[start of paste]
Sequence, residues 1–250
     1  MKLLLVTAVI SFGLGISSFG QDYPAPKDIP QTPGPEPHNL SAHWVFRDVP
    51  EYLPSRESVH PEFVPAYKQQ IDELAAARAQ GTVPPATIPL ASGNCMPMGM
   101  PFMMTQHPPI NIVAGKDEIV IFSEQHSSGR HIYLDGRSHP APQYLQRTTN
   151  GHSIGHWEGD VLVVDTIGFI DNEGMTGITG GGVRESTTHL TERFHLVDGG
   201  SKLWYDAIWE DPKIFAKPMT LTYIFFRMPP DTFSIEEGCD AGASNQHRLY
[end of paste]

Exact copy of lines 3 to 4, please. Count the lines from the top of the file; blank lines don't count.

    51  EYLPSRESVH PEFVPAYKQQ IDELAAARAQ GTVPPATIPL ASGNCMPMGM
   101  PFMMTQHPPI NIVAGKDEIV IFSEQHSSGR HIYLDGRSHP APQYLQRTTN